Why inclusion matters and what heteroglossia has to do with it

Posted on 11th May 2022 in School News

Luanda International School looks at the importance of diversity and representation in Literature.

It is commonly agreed that a literary canon is a selection of authors, books and texts that are worthy of study. However, what are the criteria that determine what is “worthy” of studying in the 21st Century in an IB school milieu? And, equally important, what does the literary canon have to do with inclusion and heteroglossia?

If teachers aim to foster international mindedness, caring, principled and worldwise students, then maybe the traditional, white male dominant canon does not cut it. If most of the authors and characters that we study come from a similar background, then we are hearing one side of the story only, to the extent that it becomes the truth.

Our students are multicultural beings with even more perspectives on life than the cultures they come from and are entitled to see themselves represented in the literature, illustrations, short-film, and non-literary texts they are exposed to in school. Misrepresentation and non representation are both damaging and prone to the perpetuation of stereotypes. This is why the inclusion of works and texts that express a multitude of points of view on life is so necessary!

Mikhail Bakhtin’s definition of heteroglossia is complex, but in simple words the term refers to the language’s ability to contain multiple voices and points of view within itself. Through it, students are exposed to a diversity of voices and are led to appreciate words uttered from different professions, ages, cultures and ethnic backgrounds. By choosing the resources carefully and with the intent of strengthening the heteroglot side of the reader, we are letting ourselves invite the canon to bring the world in and allow these voices to be expressed through words of different, colours, flavours, tastes, and accents.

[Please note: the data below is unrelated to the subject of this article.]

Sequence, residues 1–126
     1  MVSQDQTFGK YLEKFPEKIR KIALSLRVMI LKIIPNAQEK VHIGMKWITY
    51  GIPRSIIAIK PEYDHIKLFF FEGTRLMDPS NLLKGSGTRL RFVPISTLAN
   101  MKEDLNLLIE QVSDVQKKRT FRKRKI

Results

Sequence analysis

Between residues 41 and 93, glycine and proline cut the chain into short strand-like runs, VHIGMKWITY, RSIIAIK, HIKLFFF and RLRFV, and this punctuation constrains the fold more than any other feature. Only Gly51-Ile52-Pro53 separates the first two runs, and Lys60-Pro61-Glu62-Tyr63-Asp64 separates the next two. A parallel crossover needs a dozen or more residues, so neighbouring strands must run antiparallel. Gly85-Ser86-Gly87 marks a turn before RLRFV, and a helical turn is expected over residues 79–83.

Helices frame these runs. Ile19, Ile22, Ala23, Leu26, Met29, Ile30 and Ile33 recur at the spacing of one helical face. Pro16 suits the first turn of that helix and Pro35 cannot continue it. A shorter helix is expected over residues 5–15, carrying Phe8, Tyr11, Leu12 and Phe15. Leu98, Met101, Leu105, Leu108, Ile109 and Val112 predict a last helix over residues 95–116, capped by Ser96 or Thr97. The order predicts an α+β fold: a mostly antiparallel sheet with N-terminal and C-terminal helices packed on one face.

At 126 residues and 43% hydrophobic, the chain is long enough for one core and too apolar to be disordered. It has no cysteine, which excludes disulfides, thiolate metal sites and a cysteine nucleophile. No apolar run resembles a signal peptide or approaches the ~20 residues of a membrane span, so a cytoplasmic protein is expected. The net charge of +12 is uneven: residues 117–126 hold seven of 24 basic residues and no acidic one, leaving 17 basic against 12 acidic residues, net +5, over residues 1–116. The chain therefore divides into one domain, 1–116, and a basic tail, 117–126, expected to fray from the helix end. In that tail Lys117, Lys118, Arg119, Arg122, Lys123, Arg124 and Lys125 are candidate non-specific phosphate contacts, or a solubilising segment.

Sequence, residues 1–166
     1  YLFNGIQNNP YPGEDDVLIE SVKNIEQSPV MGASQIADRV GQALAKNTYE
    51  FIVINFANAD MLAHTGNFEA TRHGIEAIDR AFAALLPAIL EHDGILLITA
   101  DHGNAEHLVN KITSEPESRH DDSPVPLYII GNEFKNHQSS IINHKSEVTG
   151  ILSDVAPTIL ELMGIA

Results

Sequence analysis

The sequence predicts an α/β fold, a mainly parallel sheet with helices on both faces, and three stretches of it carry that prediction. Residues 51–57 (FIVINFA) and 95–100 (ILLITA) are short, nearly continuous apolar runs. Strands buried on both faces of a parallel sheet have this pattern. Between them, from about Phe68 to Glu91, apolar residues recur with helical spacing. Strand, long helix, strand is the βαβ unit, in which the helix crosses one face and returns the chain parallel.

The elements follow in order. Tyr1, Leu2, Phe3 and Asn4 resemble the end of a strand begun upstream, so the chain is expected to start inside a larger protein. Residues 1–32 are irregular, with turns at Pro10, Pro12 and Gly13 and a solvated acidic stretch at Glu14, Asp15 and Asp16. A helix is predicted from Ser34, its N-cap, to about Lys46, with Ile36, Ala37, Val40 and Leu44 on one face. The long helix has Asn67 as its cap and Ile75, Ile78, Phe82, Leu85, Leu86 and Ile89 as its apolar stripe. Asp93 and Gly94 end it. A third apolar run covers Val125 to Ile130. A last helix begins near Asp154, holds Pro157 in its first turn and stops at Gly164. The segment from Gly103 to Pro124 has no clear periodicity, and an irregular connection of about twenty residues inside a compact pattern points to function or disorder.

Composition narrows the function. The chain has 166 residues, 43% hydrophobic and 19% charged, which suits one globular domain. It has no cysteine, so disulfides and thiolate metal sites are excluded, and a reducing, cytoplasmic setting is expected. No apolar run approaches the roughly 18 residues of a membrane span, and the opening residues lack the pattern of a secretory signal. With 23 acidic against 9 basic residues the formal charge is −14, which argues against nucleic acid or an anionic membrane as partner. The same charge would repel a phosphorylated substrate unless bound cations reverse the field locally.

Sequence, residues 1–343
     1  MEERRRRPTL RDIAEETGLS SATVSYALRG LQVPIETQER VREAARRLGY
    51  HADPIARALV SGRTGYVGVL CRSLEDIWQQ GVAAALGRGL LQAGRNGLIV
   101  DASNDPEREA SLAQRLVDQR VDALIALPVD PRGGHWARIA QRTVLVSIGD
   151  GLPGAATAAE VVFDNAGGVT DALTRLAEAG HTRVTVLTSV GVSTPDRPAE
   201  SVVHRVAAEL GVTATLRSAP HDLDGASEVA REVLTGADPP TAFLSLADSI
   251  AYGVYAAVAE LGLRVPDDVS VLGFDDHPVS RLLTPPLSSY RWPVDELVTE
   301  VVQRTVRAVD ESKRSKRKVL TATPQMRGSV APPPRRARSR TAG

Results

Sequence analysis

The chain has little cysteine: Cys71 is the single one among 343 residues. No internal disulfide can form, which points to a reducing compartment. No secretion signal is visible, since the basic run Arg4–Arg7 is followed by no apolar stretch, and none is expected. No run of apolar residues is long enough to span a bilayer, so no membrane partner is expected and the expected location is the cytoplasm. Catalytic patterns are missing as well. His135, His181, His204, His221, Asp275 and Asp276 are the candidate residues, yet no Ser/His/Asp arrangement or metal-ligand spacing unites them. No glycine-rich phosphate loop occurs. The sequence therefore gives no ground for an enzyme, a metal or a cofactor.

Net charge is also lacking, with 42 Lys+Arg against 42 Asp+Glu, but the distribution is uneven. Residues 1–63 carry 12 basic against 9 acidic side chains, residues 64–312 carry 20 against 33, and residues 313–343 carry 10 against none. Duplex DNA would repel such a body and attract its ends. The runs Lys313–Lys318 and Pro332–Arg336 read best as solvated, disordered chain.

The Portuguese poet Fernando Pessoa once said: 'Be plural like the Universe!'

Within our role as teachers, is there a better way to promote plurality and fight monologism than to deliberately expose students to unmerged and unsubordinated voices that express multiple perspectives and carry their own validity within a narrative?

As a language teacher at Lis, I am proud to say that the Language & Literature department at Luanda International School has as its main goal the aim to review the MYP curriculum to identify gaps and opportunities for greater inclusivity, mainly in terms of representation and perspectives. By adjusting our resources to this intent, we will be opening the doors for our students to access a polyphonic canon where heteroglossia will allow each student to grow in understanding, empathy and Humanity.

Article written by Sónia Montgomery, MYP Portuguese and English teacher and DP Portuguese teacher.